The thread below about the death of Augusto Pinochet has predictably enough prompted liberal, humane and generally lovely responses such as “Good riddance. I am going to toast his death”. Margaret Thatcher’s support of the former Chilean dictator has similarly prompted such liberal and well-meaning sentiments about the event of her own death as “I was only 2 when Thatcher was given the boot by her own party and not even born when the miners strike was lost. Yet I’ll still celebrate”. I should make it clear that I’m not aware of any redeeming features of Pinochet’s rule over Chile, and that in my opinion Margaret Thatcher’s support of him was without any ethical, moral or political merit, and was to her immense discredit.
But I find myself entirely unable to whoop with glee at the idea of their deaths. Perhaps there’s a gene I’m missing, or perhaps I’m not nice enough, but I genuinely can’t recall a single death whose announcement has made me shout “whoopee!”, and leap or dance for joy. Don’t get me wrong; I’m not a nice person, I’m not anti-death or anything like that. There was an article in the Times today about Zimbabwe that said that while it had the world’s highest inflation and lowest life expectancy, the National Security Minister Didymus Mutasa has suggested that Robert Mugabe should “remain the presidential candidate until Amen”. Bob’s immediate demise – tonight, ideally – would clearly be of immense benefit to the people of Zimbabwe. But Mugabe is President of Zimbabwe. He is responsible for the disastrous conditions Zimbabweans have to live in, and his death would actually make a difference.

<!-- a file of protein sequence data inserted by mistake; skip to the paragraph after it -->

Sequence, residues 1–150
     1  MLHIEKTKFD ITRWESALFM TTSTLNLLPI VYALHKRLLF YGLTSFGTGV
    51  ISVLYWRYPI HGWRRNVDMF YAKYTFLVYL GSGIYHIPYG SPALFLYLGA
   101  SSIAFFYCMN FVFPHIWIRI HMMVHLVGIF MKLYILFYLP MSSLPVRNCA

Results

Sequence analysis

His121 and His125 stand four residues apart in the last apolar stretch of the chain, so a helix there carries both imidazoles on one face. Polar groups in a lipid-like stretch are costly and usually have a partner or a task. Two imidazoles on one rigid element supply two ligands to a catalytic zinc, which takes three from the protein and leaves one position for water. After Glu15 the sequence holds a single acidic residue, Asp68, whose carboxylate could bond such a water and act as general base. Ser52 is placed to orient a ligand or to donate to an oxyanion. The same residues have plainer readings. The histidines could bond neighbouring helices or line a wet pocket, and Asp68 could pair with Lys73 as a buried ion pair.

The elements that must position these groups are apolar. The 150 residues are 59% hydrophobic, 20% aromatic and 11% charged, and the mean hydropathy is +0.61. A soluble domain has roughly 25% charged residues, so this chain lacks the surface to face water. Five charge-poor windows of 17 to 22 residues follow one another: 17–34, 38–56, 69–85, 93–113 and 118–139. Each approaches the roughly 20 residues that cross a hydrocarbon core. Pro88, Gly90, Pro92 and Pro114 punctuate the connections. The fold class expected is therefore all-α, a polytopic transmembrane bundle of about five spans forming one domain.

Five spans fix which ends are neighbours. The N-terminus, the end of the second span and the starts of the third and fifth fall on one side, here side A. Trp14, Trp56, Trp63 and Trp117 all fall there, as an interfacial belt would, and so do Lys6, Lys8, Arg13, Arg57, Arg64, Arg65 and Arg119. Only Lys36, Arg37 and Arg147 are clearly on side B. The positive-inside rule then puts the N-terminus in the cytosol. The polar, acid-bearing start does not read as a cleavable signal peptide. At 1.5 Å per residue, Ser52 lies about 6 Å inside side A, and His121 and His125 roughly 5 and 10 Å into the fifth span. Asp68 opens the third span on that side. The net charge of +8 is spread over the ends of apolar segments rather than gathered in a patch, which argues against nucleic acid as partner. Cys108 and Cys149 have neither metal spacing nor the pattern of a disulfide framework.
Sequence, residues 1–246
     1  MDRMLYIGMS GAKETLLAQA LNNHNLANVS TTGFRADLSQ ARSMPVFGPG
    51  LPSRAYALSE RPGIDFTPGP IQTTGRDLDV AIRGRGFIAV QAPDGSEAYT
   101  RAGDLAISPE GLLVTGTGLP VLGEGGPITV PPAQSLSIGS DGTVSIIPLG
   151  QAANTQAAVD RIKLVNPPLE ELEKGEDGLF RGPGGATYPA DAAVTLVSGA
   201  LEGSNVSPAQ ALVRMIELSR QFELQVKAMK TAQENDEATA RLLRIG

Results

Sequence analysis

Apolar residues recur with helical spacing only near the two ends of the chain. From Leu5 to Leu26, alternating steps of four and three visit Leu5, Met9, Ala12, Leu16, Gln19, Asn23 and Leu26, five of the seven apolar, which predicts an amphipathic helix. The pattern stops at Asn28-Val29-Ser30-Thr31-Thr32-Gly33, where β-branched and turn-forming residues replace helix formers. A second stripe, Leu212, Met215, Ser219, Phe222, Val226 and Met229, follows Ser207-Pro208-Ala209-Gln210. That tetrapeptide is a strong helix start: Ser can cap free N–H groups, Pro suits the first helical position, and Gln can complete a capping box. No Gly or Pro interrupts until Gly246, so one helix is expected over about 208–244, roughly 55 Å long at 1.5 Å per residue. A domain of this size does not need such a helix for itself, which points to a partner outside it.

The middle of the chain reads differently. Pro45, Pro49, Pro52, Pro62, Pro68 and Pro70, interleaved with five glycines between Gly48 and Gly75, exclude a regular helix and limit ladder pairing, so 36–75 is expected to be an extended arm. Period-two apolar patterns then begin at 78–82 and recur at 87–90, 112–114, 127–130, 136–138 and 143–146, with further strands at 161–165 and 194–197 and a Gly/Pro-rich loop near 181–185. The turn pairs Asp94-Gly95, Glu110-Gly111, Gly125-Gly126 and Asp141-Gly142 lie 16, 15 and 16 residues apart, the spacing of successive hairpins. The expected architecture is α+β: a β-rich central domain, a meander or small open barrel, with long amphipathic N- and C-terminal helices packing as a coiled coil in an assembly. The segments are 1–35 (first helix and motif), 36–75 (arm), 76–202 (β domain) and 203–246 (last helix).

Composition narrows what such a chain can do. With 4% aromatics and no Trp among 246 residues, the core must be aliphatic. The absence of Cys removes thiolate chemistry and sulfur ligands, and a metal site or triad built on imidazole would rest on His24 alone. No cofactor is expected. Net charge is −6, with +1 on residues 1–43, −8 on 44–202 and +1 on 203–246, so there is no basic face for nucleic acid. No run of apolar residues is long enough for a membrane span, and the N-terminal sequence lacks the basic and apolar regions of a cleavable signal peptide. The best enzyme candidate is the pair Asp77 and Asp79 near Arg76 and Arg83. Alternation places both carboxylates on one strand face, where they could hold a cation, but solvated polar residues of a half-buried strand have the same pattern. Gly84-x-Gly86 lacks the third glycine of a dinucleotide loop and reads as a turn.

But when it comes to former dictators, former Prime Ministers, or anyone whose grip on power is over and has been for a decade and a half, and whose death would therefore change nothing other than, in Thatcher’s case, to deprive a family of a mother and grandmother, and whose only effect would be personal and have no beneficial effect on public policy, then I find it difficult to understand how or why this might prompt an outbreak of glee and celebration. It was 16 years ago when Margeret Thatcher ceased to be Prime Minister. There may be perfectly good reasons to carry a grudge for 16 years, and to nurse and sustain that grudge and to keep it alive until she dies, but I’m sure I will feel no happier or sadder when I hear that she’s dead.
Montag, in the Pinochet thread, wrote “I could quite understand how people could feel this way if they had personally suffered under, or lost relatives to, the old tyrant. But nobody here has”. I haven’t, and the bottle of Banrock Station sparkling Shiraz I bought earlier wasn’t to toast an old man’s death; it was because I fancied a bottle of Banrock Station sparkling Shiraz.